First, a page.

I find the fortune telling aspect interesting. What superstitious fortune telling do you find the most fascinating and why?
I truly wasn’t a superstitious person before writing this book. I might have had little good-luck rituals (for instance, I HAD to listen to Dave Matthew’s “Dancing Nancies” on the first day of school every year) but I wasn’t someone who looked for signs.

AFTER writing Send Me a Sign, I’m so much more aware of my new superstitious tendencies. I may laugh at myself while indulging them, but that hasn’t stopped me from holding my breath every time I crack a fortune cookie.

I saw that Mia also begins to look for signs in songs. Is there a song in particular that you would associate with Mia?
There are so many songs and playlists sprinkled throughout the book. Two that are VERY Mia-relavant are Stevie Wonder’s “Superstition” and Our Lady Peace’s “4am.”

Phillip Phillips - Superstition
(I love this Phil Phillips version because he sounds a lot like I imagine Gyver would!)

Our Lady Peace - 4am

What three words would Gyver use to describe Mia?
Stubborn, superstitious, stunning.

If you could send Mia a sign, what would you tell her?
I’d tell her to trust herself. Mia is very swayed by what others want for her. When she needs to make a decision, her first reaction is to think of others’ opinions or look for a sign. I’d tell her to believe in herself and her own instincts.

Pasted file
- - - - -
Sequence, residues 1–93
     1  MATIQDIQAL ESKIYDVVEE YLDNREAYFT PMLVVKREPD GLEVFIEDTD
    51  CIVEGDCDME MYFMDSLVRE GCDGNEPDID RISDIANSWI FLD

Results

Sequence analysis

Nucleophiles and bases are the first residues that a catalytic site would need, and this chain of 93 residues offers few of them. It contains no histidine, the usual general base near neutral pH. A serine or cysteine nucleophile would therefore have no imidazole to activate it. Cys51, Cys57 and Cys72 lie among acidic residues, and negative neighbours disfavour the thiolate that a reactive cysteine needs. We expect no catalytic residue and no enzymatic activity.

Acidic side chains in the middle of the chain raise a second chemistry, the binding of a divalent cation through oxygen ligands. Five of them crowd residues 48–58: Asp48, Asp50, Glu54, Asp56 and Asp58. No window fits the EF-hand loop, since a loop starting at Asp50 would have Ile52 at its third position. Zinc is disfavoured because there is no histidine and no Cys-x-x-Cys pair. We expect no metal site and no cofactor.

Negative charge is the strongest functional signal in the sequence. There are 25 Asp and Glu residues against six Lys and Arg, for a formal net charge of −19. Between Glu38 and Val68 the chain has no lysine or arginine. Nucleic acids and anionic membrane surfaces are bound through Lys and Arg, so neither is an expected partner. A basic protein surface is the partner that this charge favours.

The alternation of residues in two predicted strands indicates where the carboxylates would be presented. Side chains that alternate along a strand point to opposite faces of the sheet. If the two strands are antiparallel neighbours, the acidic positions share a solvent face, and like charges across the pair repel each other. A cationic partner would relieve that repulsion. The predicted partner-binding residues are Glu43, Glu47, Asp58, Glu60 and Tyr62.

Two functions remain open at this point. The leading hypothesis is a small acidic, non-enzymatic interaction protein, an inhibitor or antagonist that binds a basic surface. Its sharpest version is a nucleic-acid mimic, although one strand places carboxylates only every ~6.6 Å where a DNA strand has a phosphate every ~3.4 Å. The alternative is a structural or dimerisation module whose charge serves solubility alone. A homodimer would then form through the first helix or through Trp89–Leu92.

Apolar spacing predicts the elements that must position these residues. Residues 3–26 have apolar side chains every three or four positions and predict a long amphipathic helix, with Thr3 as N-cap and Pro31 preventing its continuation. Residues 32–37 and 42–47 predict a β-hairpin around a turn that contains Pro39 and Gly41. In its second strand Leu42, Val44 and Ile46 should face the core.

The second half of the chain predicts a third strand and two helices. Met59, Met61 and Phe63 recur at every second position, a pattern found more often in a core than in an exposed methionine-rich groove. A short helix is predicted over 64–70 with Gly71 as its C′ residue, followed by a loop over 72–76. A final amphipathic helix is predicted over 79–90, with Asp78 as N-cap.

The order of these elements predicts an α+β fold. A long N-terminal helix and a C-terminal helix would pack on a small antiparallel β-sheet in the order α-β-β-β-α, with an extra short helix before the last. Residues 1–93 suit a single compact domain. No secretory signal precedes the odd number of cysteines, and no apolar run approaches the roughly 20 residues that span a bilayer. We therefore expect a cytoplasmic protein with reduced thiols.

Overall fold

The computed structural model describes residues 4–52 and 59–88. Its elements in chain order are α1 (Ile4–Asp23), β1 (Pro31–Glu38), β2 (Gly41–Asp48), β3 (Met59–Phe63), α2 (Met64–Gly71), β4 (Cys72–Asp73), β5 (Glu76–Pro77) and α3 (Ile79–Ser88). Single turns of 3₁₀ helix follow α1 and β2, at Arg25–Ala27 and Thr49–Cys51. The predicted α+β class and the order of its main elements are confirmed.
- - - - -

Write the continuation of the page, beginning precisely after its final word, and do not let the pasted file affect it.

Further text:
What are you working on right now?
My edits for my second book, Bright Before Sunrise, (Walker, winter 2014) should be coming soon, so I’m getting excited to work on that again. Bright is dual-perspective and takes place over the course of one night. It tells the story of Brighton and Jonah—teens with very different backgrounds and preconceptions of each other, and what happens when they’re forced to reevaluate each other… and themselves.

I’m also working on a brand new project which is the first novel I’ve written that isn’t straight-up contemporary. I’d tell you more about it, but I don’t want to jinx it… (I guess there’s a little of Mia in me after all!)

I'm excited to hear about your new works and can't wait to read them!

Tiffany's Website | Facebook | Twitter
Tiffany Schmidt grew up in Massachusetts where she spent a significant part of her childhood getting into mischief and sitting in the naughty chair, where she honed her storytelling skills. She now lives in Pennsylvania with her saintly husband and impish twin boys. She's repped by Joe Monti at Barry Goldblatt Literary. She still gets into mischief, she still has dogs, and she still tells stories. She very much hopes you like them.

The Vampire Hunter's Daughter Tour Stop + Giveaway

Wednesday, September 26, 2012

Today, I'm delighted to be participating in the blog tour for The Vampire Hunter's Daughter by Jennifer Malone Wright! I have for you today my review, an interview, and giveaway!